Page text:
I loved the days when I managed to get back in the house before anyone has woken up. You've been for a run already? Perfect...or is it. Aren't you just creating greater secrecy and also running the risk that you are operating in a different time zone. It’s Friday night, the dinner party is in full swing and instead of switching to the frozen limoncello, you opt for some water in readiness for the long Sunday run. That is not really mindfulness or living the moment is it. Of course, in places like Dubai, the running window each day is pretty small so that hour around sunrise becomes a precious slot.
By the way, at the end of this, there isn't some helpful summary of how to do this right because there isn't a right way. I just know how many parts of it I get wrong. One thing I have come to terms with is that for whatever reason, I am a better person to have around if I have been for a run. Perhaps that is the classic justification of all addictions but guilt is unlikely to help, do it or don't do it but don't waste time feeling bad about it.
I suppose a key transition point often comes when the running starts as a targeted event. I am doing all this training because I have entered a marathon in three months time. So now it’s not fun but constructed as a kind of work duty. This way discussions go more easily at first but after the third event you have to own up to the fact that your not just doing it for the races and you may actually just be a runner with all that comes with it.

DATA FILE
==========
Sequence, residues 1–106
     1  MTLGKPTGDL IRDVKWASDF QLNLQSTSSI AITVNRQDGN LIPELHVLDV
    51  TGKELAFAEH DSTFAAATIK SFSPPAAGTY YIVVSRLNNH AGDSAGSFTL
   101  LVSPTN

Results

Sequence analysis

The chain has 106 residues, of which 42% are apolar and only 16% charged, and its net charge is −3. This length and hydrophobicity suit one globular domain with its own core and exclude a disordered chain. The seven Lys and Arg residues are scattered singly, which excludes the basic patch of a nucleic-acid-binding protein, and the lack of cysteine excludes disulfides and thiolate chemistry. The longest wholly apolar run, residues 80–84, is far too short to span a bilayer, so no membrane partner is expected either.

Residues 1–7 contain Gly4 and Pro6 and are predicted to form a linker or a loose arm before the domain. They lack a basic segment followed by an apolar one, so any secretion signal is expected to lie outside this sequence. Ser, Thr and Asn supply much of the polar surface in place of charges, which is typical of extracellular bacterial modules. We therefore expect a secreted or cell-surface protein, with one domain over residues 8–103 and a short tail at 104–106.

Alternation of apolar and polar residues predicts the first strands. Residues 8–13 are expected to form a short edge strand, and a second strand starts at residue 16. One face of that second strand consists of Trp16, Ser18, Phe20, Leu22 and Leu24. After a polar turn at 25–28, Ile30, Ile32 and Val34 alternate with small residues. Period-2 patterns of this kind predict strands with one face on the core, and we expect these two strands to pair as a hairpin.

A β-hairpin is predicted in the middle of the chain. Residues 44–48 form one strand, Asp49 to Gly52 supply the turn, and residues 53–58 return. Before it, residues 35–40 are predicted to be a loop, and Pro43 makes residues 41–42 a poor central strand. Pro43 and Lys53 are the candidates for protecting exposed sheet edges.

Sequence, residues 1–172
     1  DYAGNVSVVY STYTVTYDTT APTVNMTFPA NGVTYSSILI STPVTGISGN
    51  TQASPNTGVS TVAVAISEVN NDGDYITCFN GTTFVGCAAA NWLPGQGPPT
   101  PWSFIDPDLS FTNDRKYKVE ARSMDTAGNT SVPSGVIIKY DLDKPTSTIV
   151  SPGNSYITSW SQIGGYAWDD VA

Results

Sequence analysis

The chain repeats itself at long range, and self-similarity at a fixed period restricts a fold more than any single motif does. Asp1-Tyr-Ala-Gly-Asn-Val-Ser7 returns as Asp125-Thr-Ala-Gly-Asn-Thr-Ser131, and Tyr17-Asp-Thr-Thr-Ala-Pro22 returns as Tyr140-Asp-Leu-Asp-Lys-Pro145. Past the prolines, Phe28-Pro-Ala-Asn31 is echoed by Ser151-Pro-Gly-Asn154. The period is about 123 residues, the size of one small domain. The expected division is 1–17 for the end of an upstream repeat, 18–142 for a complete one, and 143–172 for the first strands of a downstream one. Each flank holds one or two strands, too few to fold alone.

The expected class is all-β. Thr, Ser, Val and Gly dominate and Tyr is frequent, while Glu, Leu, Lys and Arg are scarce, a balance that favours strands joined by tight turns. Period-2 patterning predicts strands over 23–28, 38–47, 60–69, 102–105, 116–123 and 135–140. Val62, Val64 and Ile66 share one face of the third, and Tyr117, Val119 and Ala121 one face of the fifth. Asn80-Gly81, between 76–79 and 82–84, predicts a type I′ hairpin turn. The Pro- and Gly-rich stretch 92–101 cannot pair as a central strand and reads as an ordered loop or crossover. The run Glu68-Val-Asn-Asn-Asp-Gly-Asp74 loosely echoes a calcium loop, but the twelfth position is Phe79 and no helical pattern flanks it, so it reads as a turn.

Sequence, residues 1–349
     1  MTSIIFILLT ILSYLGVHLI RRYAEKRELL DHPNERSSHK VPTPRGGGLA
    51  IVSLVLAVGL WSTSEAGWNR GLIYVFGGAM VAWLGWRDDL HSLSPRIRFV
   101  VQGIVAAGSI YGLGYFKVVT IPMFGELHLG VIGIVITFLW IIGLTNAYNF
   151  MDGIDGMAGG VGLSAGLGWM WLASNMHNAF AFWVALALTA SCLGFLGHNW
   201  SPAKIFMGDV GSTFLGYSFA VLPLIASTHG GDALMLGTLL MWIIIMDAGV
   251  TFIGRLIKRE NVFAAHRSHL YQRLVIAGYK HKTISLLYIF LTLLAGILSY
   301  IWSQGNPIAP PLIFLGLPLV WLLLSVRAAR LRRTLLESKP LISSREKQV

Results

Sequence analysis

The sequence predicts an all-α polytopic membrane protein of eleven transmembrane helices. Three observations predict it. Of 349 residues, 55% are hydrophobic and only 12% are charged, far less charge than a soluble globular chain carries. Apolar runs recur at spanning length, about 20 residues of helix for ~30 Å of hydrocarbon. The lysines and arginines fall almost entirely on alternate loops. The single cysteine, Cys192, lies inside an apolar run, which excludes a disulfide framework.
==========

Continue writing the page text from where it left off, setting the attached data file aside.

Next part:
When I first started laying out kit the night before, it had nothing to do with negotiating with anyone else, I just wanted to make sure I didn't give myself any reason to back out. If its dark, cold and wet outside, you don't want to debate whether you should go for a run or not or even how far you go. You decide the night before and then execute. So again, a simple method of self motivation can communicate other messages.
Of course in some houses everyone runs. This is now how national sports coaches like to operate. They encourage athletes to live together where routines are upheld collectively. The monastic setup in Iten has benefited from this for a long time. In normal households this does bring a whole new challenge where if you don't get out first, you might have to wait your turn.
In my own household something new has developed. The children around whose rota running needed to adapt, have become runners too and on some very lucky weekends, parenting and racing combine. This weekend, I even managed to persuade my eldest daughter to do a shared track session in my continued pursuit of a faster 800. We agreed the night before, set a time and got kit ready. Despite the morning rain, the was no renegotiating and we got to enjoy a shared training session at the track...until it became clear that I couldn't keep up with her for even one lap.